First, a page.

The burden is on appellant to show that the identification procedures were so impermissibly suggestive as to give rise to a substantial likelihood of irreparable misidentification and thereby establish that he was denied due process of law. (People v. Hawkins (1970) 7 Cal.App.3d 117, 122, 86 Cal.Rptr. 428.) Further, the trial court's determination that the pretrial identification procedures complied with due process will be sustained on appeal if supported by substantial evidence. (People v. Hall (1973) 34 Cal.App.3d 834, 843, 110 Cal.Rptr. 440.) Also, it has been held that “(t)o sustain his claim of a violation of due process, defendant must show that his trial resulted in essential unfairness ‘not as a matter of speculation but as a demonstrable reality.’ ” (People v. Hernandez (1970) 11 Cal.App.3d 481, 487-488, 89 Cal.Rptr. 766, 770, citing Adams v. United States (1942) 317 U.S. 269, 281, 63 S.Ct. 236, 87 L.Ed. 268.)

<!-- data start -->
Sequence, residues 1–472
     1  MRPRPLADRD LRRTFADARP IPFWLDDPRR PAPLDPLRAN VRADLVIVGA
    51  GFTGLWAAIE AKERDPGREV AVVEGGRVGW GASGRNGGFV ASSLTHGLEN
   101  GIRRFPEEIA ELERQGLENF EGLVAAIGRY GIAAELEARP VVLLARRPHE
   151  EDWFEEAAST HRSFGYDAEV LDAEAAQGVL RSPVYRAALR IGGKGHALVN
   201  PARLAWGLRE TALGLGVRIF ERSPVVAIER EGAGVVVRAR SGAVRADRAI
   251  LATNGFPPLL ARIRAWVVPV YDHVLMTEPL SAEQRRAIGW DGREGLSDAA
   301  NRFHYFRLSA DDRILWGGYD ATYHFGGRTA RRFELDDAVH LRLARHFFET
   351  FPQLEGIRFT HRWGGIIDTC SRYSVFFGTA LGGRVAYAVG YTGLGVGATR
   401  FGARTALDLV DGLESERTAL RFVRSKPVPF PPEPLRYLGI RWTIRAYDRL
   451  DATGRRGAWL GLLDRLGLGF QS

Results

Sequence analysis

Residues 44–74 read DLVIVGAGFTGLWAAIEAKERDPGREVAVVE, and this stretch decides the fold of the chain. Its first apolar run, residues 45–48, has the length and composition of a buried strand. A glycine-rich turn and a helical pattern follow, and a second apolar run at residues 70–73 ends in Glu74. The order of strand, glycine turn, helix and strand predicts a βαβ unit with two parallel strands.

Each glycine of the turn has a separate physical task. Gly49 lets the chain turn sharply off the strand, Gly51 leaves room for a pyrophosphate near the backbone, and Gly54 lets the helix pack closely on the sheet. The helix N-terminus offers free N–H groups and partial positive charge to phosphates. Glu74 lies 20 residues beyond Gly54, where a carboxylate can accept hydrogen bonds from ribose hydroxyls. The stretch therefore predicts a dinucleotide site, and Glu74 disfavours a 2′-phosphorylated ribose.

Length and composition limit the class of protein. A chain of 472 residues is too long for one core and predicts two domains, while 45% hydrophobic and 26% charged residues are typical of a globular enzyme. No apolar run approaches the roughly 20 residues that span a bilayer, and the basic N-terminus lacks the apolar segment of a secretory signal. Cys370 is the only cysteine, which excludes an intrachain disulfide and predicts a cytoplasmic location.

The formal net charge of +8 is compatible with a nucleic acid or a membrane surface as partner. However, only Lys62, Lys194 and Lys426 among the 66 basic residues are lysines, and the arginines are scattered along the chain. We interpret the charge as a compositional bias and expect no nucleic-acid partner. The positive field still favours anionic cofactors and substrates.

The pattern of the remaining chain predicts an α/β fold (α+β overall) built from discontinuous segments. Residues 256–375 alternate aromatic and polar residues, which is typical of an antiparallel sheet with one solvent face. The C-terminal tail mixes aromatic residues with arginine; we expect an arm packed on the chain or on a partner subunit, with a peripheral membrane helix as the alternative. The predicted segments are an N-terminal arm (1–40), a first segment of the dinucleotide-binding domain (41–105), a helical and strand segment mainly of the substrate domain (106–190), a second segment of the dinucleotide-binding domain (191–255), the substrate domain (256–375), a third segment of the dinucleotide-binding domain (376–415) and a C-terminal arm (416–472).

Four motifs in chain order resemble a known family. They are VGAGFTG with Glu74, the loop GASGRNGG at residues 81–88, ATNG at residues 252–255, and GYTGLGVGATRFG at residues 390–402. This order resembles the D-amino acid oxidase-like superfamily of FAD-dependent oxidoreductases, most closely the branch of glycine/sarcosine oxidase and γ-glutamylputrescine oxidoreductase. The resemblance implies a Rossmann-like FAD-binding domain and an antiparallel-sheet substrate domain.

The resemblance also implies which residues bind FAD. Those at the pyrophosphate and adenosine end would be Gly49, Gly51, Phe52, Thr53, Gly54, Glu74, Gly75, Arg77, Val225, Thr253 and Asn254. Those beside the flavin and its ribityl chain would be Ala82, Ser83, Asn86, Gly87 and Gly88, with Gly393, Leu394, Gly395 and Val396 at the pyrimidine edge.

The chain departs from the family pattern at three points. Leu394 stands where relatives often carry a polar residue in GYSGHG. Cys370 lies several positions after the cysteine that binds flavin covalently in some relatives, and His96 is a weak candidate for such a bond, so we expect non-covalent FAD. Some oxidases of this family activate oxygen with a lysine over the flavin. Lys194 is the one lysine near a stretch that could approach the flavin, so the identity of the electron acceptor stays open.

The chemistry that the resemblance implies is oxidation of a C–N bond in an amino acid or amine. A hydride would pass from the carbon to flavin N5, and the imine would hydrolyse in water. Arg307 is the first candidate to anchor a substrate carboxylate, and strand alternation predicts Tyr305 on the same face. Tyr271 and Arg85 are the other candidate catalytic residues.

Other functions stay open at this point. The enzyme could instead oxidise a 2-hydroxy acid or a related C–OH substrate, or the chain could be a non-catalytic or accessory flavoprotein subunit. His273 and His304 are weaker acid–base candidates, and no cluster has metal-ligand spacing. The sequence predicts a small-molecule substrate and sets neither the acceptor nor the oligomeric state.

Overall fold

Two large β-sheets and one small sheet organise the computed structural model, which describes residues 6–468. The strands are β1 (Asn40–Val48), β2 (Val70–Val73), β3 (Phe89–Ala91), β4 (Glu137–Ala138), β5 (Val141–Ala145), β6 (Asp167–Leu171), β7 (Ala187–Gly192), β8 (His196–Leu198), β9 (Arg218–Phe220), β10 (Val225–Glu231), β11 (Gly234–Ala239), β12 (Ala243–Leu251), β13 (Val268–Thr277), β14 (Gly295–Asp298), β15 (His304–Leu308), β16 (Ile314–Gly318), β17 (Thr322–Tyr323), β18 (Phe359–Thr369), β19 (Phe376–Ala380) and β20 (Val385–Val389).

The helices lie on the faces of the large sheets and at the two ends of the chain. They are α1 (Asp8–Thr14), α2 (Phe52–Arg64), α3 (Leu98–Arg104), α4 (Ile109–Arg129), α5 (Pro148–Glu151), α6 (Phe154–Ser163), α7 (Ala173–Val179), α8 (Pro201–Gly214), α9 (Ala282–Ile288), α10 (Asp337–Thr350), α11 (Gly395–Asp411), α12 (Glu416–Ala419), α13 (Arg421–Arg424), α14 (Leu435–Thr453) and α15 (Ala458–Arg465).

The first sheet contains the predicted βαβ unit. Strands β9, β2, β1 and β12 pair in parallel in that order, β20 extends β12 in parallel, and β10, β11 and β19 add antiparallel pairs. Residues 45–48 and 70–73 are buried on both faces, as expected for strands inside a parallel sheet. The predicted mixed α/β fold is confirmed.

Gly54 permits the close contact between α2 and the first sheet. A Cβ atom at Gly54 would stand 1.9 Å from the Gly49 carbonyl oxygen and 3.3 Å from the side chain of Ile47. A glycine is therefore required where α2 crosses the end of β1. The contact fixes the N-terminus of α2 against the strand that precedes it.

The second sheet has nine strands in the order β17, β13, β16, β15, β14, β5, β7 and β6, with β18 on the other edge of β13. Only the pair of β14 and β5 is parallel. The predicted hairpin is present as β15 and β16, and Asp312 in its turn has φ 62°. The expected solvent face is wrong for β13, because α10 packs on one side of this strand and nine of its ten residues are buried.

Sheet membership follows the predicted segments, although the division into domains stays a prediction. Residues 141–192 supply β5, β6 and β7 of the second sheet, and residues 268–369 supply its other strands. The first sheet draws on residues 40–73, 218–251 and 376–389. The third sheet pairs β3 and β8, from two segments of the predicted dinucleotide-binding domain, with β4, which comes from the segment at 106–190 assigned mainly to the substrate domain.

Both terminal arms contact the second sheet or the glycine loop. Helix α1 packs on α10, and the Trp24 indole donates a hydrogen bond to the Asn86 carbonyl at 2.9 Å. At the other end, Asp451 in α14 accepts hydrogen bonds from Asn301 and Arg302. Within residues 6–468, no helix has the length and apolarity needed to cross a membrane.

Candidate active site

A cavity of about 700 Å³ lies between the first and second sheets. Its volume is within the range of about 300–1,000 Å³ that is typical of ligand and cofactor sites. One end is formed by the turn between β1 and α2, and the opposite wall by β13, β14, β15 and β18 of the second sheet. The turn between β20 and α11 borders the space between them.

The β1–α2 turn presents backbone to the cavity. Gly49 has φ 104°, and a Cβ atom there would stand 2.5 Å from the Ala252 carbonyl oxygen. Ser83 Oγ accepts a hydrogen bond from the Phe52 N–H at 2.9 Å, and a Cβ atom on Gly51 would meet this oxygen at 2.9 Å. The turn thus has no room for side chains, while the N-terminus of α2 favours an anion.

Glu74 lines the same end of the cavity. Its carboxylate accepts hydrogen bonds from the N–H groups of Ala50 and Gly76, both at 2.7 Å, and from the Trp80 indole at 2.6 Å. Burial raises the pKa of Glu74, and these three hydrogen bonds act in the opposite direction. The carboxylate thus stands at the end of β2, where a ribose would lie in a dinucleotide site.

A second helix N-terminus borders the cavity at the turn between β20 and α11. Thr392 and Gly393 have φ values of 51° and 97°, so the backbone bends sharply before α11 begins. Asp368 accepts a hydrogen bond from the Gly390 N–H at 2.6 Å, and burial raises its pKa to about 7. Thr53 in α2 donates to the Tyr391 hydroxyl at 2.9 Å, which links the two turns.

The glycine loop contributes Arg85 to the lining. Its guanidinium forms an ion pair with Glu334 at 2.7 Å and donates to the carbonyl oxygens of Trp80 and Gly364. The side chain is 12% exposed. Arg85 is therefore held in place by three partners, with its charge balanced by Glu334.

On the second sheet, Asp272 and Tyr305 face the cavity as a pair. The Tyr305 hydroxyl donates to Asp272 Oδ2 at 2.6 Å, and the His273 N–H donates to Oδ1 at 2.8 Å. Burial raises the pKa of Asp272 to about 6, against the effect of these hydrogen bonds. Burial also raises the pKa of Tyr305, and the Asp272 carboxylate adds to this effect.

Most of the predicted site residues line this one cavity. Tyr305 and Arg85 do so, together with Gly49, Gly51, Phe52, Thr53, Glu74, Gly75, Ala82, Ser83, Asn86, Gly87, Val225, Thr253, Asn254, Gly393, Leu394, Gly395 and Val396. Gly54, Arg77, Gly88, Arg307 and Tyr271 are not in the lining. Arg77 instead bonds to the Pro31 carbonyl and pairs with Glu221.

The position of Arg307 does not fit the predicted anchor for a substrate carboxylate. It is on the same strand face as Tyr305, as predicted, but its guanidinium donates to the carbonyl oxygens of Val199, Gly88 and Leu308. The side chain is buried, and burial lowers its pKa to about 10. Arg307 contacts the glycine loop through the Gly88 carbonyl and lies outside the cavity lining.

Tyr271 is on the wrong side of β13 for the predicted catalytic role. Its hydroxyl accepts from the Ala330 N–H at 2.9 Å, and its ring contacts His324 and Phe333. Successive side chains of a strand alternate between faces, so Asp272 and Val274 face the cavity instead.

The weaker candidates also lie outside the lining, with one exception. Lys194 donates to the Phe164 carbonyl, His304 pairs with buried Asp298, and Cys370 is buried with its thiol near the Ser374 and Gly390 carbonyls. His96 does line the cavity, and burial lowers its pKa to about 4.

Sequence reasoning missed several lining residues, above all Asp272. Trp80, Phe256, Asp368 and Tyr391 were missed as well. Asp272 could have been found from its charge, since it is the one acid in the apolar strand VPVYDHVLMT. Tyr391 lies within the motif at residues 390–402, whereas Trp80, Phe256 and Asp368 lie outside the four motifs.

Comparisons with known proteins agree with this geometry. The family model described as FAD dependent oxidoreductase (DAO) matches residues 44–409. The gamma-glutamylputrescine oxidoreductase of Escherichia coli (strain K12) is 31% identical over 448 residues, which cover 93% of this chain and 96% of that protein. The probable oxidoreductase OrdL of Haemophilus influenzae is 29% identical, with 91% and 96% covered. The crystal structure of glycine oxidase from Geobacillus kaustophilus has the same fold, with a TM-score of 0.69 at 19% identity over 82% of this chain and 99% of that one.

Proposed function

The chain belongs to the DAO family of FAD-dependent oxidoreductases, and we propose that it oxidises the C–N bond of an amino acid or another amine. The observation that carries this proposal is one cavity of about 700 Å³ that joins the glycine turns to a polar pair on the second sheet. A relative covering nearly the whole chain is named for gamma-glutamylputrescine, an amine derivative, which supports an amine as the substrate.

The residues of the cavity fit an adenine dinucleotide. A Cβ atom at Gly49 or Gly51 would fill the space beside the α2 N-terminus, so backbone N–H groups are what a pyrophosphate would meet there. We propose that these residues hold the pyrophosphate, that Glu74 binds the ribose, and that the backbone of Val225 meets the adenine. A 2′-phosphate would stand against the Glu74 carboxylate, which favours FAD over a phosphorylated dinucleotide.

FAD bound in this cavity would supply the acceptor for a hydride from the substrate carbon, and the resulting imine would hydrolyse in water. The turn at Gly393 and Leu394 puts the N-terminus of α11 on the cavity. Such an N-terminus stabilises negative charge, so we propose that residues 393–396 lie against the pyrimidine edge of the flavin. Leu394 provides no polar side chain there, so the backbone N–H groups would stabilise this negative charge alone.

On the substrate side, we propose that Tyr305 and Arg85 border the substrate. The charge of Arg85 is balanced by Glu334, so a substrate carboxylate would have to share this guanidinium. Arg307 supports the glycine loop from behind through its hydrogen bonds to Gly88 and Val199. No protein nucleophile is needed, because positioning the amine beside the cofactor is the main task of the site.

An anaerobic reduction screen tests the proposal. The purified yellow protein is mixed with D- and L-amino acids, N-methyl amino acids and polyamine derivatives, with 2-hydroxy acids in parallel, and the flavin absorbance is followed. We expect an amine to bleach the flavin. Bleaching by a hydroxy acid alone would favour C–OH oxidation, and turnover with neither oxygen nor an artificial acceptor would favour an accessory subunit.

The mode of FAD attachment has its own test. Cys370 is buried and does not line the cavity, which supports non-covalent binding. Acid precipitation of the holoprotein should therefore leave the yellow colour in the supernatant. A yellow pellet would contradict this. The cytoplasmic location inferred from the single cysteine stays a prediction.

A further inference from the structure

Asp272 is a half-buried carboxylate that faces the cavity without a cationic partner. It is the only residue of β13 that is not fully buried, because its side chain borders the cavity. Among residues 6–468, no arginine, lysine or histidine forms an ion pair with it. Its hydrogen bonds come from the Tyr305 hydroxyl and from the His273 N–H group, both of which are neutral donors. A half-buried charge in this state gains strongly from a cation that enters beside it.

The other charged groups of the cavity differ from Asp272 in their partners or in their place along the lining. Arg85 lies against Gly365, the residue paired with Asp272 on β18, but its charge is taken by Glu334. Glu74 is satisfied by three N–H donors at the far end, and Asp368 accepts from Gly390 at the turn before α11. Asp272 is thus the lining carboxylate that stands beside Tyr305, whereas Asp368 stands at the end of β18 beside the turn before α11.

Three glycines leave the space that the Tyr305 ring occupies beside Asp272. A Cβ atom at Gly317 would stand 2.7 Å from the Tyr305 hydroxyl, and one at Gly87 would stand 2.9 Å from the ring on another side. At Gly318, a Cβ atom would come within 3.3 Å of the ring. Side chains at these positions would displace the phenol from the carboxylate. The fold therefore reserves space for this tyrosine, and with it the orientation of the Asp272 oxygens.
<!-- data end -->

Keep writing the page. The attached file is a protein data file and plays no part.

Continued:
Appellant's primary objection to the identification procedures used is that Stroud was shown photographic lineups on four different occasions, three of which contained a photo of appellant. This appellant asserts amounts to a programming of the witness to recognize him as the man. However, a different picture was used in each of the three groups. Appellant's dress and overall appearance varied from photo to photo. In the second group (appellant's picture did not appear in the first group), appellant wore a mustache, short hair and a plaid sports shirt. In the third group, appellant was clean shaven, had longer hair and wore a suit and tie. In the fourth group, although the photo was apparently taken at the same time as the one in the third group, appellant in this shot wore dark glasses, as did all of the other five individuals in this group. From these three groups, Stroud picked appellant's picture in the second and third groups, even though he looked quite different, but did not pick him in the fourth group, although this picture was similar to that used in the third group except for the dark glasses. This would seem to indicate that Stroud was not being programmed, but was attempting to match the pictures of appellant honestly with his recollections of the man he had seen the night of the murders.